AESAs can potentially be built with much greater bandwidth than PESAs or MSAs, facilitating Low Probability of Intercept (LPI) modes and enabling functions such as Electronic Attack (jamming) against in-band emitters. This capability is also exploited in some designs to permit the use of a radar AESA as an additional high gain antenna for a threat warning subsystem, or a data link with bandwidth potential of Gigabits/second, or LPI/covert capabilities, or both.
AESA receivers typically enjoy a 6 dB or better noise figure advantage over PESA/MSA receivers, as the loss between the antenna radiating element and first receiver stage contributes to the net noise figure or system level noise temperature. Higher power aperture AESAs also have significant potential as Directed Energy Weapons, to produce disruptive or electrical damage effects in electronically dense target systems.29 Fixed AESAs are inherently better than gimballed MSAs in terms of structural radar cross section, which makes them inherently compatible with stealth vehicles, airborne or other.
These advantages do not come for free. Complexity and development costs are higher for AESAs versus MSAs. Weight and volume can be significantly higher than MSAs. Power consumption and cooling are major issues for AESAs and have often presented “brick wall” barriers to integration in smaller platforms. Power density limitations in the semiconductor devices and T/R module level cooling architectures can set hard limits on AESA performance growth in many designs. AESAs are software intensive with rigid real-time processing demands, presenting many unique engineering challenges well outside the RF domain, with much potential for software gremlins and outright functional failures.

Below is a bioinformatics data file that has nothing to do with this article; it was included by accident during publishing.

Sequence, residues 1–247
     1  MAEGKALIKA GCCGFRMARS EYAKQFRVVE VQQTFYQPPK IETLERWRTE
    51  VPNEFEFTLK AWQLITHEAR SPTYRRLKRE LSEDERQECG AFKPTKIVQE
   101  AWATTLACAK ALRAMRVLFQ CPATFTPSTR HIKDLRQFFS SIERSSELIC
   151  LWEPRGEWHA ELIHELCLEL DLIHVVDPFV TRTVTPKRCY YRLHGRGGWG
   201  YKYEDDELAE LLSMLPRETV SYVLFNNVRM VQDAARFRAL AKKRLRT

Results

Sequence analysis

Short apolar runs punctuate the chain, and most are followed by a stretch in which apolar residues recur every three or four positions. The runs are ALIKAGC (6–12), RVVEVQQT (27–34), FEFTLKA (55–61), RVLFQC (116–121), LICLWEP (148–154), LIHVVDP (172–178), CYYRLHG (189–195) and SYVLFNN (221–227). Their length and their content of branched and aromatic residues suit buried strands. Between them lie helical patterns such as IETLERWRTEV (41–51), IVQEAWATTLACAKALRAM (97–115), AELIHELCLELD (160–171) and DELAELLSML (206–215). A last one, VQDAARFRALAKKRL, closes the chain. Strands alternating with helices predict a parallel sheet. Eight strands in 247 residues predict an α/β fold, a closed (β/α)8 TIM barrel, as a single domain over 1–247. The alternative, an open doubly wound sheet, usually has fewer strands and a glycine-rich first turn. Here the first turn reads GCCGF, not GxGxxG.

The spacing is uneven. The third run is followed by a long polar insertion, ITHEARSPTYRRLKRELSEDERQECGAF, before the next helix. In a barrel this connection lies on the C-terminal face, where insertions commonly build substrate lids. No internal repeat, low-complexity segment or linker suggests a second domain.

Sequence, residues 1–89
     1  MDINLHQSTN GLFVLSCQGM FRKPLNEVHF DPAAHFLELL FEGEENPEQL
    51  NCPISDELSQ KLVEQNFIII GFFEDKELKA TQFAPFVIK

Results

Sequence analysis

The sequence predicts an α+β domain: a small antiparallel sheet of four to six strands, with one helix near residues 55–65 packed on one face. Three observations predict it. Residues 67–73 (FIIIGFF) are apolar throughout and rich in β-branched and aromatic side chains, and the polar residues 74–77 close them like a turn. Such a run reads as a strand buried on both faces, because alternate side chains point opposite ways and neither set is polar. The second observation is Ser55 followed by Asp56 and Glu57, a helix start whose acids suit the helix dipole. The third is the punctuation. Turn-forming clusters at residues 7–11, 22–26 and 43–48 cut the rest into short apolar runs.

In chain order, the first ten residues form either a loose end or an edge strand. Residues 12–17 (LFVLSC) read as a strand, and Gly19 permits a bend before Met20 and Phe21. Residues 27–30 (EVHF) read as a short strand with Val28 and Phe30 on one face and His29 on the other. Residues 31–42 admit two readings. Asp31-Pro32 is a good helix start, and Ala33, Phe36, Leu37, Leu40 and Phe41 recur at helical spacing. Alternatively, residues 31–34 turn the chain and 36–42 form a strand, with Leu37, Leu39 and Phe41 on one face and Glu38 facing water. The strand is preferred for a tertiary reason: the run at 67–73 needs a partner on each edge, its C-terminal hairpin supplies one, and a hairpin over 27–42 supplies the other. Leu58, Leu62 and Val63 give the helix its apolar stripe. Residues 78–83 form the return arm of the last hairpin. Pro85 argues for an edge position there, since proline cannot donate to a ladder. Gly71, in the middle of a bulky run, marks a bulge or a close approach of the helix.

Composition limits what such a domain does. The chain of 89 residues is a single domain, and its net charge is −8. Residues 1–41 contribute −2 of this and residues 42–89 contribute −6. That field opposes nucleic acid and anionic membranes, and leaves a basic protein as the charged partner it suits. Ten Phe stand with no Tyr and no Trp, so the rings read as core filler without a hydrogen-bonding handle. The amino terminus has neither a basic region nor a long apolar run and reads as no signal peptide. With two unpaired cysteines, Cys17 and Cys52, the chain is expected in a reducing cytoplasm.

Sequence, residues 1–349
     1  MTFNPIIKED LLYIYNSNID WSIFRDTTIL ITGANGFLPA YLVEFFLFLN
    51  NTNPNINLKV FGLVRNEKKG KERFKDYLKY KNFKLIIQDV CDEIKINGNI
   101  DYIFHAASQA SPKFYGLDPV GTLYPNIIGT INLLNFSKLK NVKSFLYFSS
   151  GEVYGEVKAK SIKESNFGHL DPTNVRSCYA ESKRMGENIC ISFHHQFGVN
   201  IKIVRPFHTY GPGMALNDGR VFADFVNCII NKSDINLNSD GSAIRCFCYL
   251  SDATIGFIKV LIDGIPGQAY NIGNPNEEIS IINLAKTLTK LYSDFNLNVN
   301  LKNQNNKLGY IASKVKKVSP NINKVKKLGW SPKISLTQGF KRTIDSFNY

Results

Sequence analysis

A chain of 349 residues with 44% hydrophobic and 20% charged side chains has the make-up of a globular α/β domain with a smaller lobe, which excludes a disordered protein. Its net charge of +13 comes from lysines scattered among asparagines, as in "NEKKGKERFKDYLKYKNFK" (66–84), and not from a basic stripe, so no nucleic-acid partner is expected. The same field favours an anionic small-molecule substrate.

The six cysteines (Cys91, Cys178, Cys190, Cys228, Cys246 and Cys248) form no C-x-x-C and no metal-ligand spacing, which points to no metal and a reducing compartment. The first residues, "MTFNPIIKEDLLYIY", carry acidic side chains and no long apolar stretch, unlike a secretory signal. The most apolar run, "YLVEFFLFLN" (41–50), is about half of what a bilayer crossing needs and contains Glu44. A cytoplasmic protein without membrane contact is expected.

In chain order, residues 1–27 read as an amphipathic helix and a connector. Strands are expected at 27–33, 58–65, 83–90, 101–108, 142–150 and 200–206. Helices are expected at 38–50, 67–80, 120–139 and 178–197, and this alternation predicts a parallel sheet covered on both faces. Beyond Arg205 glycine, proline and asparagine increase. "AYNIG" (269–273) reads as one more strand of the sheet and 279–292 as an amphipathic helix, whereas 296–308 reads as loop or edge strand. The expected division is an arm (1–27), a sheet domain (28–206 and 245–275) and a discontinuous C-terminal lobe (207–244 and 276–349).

From a raw gain performance perspective, AESAs must confront the problem of aperture foreshortening for targets well off the antenna boresight, and hard limits on beam steering angles between 45° and 70°. Phase steered AESAs also suffer intrinsic bandwidth limitations arising from aperture fill and side lobe steering effects, which impact all high bandwidth demand applications, with varying severity.30 In many applications, the only solution compatible with low structural RCS is the use of multiple AESA installations, incurring concomitant penalties in cost, complexity, weight, volume and cooling. Examples include the planned for but never fitted F-22A cheek arrays, or planned T-50 PAK-FA cheek arrays. AESAs are not a panacea for all microwave antenna applications, but present significant advantages in most applications, advantages which justify additional penalties incurred in using the technology.
Active Electronically Steered Array Technology Trends
The technology driving advances in AESA design is without doubt monolithic device technology, which determines bounds on power-aperture performance of AESAs, directly via power transistor performance and indirectly via cooling performance. The latter is also heavily impacted by packaging technology, which imposes limits on density and cooling systems.
The GaAs MMIC was the enabling technology for AESAs in the S-Band and above, and also the reason why L-Band AESAs were early entries in airborne applications as these were the least dependent on transistor fT performance. The poor thermal performance of GaAs substrates, despite the excellent carrier mobility in the material, has been a persistent problem through much of the history of the AESA, and has been a strong imperative for the use of materials with better thermal properties, such as SiGe, or especially GaN.31 Packaging techniques have also evolved dramatically since the first X-Band AESA demonstrators were built. Array design theory dictates element spacing of a half wavelength or less, which presents increasing density challenges with increasing frequency. The contemporary power density benchmark is exceeding 4 W/cm2 at the array face.